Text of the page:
Former Amazon executive says he turns off Alexa when he needs privacy

WION Web Team Seattle, Washington, United States of America Feb 18, 2020, 01.11 PM(IST)

Former Amazon Executive turns off smart speaker whenever privacy is required Photograph:( Reuters )

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Amazon has responded to the backlash from this laundering with an opt-out of annotation, affording customers the ability to delete recordings they do not want on the system

Though the tech giant Amazon, after much pressure, admitted that conversations recorded by virtual assistant Alexa and transcribed by humans were to check for accuracy and the information is made anonymous beforehand, Robert Frederick revealed that he always turns off his Alexa smart speaker during personal and particularly sensitive conversations.

Robert Frederick, a former manager at Amazon Web Services stated in an interview with BBC Panorama that 'whoever owns, collects the data, if you have access to it, and rights to data, then you are king. It's all about the data. Everything,'

Amazon has responded to the backlash from this laundering with an opt-out of annotation, affording customers the ability to delete recordings they do not want on the system.

Amazon Senior VP for Devices and Services Dave Limp issued a statement guaranteeing that recordings that are kept allow the system to recognise the user's voice easily over time. Ring doorbells from Amazon have also been criticized for the way they utilise data, particularly in supplying video evidence to law enforcement. 

Amazon Alexa Plus (L), Amazon Ring (R)
[ Amazon's Alexa smart speaker (L); Amazon Ring's doorbell cameras (R) (Courtesy: AFP) ]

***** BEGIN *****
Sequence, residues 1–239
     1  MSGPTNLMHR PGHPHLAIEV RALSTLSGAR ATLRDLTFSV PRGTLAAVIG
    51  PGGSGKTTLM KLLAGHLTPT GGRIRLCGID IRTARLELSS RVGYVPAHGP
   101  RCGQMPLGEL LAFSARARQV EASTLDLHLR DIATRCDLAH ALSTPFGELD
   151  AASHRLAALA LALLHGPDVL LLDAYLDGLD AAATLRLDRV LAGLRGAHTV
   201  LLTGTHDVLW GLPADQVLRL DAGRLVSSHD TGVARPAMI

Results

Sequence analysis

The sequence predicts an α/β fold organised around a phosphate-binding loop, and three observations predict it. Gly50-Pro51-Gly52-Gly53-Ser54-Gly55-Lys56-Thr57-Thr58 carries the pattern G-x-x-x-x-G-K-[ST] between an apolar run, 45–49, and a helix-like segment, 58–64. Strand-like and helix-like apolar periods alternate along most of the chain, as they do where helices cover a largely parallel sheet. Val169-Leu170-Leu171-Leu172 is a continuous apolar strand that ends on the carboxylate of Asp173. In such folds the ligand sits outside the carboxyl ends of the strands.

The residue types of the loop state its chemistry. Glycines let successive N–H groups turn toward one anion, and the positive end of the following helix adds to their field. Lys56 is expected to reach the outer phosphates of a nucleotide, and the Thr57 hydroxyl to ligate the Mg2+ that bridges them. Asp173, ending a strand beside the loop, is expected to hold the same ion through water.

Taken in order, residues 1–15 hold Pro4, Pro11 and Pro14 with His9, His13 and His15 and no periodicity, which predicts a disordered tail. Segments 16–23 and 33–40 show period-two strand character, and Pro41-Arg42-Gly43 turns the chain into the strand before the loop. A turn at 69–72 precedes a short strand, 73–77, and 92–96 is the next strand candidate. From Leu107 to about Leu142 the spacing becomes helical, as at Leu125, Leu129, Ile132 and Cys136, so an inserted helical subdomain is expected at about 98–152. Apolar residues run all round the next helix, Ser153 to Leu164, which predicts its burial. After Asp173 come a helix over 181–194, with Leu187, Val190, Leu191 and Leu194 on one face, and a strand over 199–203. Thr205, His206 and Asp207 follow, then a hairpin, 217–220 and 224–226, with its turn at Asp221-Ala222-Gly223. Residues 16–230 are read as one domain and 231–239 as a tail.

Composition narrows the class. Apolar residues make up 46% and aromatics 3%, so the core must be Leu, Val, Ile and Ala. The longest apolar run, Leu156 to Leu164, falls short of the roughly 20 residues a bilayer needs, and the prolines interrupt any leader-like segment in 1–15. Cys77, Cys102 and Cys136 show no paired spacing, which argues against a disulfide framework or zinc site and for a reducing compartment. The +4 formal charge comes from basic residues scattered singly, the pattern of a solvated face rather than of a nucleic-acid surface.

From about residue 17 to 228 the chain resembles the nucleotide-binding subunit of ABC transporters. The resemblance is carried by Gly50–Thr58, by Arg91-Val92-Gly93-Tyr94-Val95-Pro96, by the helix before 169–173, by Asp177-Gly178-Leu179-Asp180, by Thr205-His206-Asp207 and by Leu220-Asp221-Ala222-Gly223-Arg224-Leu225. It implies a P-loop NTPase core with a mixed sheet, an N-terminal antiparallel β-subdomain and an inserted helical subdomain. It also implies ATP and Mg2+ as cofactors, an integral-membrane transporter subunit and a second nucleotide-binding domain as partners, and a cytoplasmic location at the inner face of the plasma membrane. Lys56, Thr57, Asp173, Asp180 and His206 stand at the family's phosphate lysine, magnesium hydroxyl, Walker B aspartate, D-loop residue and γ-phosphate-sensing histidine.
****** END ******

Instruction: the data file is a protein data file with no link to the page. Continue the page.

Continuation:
Having spent $840 million to buy the manufacturer, Amazon defended the product by saying that the doorbells "make it convenient to speak to and see whoever is at your front door." Police forces in the US and the UK have been beneficiaries of generous donations of the Amazon Ring doorbells, including Suffolk Constabulary who were given 1,000 units.

Ring cameras in the US are being used by Amazon to create digital neighbourhood watch schemes with the help of an app called "Neighbours" where residents can share footage from the cameras. Access to the app's data has also been granted to more than 900 police forces, with permission from residents to have access to camera locations and footage.

Dave Limp stated that this was not a marketing ploy to exhibit the product as a surveillance device, but an effort to make the lives of Amazon's customers safer.

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Concerns have been raised by the Government's Surveillance Camera Commissioner for England and Wales, Tony Porter. Responding to BBC Panorama, Porter warned that the introduction of Amazon's Neighbors app to the UK would "change from being community reassurance to a state form of surveillance."

"This lays a foundation for a network that quite rightly and properly causes concerns for people that don't want to live in a society that is enmeshed in surveillance," he added.

"We could end up in a surveillance state and I don't know anybody that wants to live in a surveillance state," said Porter.